...as people began to adjust to isolation, they started to find ways to bring their outside social lives into their homes. Living rooms that were once a sanctuary from people-filled offices, gyms, bars, and coffee shops became all those things at once. Calendars that had been cleared by social distancing suddenly refilled as friends, family, and acquaintances made plans to sip “quarantinis” at Zoom happy hours, hold Netflix viewing parties, or just catch up over Google hangouts.
People are coping with the coronavirus pandemic by upending their lives and attempting to virtually re-create what they lost. The new version, however, only vaguely resembles what we left behind. Everything is flattened and pressed to fit into the confines of chats and video-conference apps like Zoom, which was never designed to host our work and social lives all at once. The result, for introverts, extroverts, and everyone in between, is the bizarre feeling of being socially overwhelmed despite the fact that we’re staying as far away from each other as we can.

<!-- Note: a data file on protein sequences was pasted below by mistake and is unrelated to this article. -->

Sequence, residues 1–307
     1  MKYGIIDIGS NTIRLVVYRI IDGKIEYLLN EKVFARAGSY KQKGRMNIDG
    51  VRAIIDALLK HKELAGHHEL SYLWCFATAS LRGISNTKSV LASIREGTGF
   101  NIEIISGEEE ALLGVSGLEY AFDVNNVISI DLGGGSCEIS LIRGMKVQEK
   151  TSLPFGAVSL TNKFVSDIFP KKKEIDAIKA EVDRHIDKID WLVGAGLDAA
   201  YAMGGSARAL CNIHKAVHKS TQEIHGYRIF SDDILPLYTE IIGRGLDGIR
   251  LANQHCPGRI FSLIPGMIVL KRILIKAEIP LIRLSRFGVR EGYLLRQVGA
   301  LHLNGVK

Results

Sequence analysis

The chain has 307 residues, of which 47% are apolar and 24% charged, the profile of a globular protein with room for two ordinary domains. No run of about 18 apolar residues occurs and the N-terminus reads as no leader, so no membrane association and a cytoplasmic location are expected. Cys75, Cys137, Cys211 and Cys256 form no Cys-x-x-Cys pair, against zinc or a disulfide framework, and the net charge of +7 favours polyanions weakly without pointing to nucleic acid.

Turning down invitations to talk to people during a global pandemic can simultaneously be needed self-care and something that makes you feel like a bad friend...The only excuse is ‘I don’t want to,’ and no one wants to hear that right now...The reality is that introverts don’t want to be alone all the time, and extroverts can appreciate moments of quiet. But the division exists as a way to describe how people gather their energy: introverts charge up by having quiet time to process, and extroverts do it by socializing.
Video chat has become the go-to substitute for many people’s discarded social lives, the place where they can see the most of the people they can no longer be with. Zoom, FaceTime, and Google Hangouts are easy to use. But they have a way of making everything feel like a meeting. At a happy hour of 10 people in a bar, you can settle into a side conversation, step away for fresh air, or listen to a conversation while nursing your drink.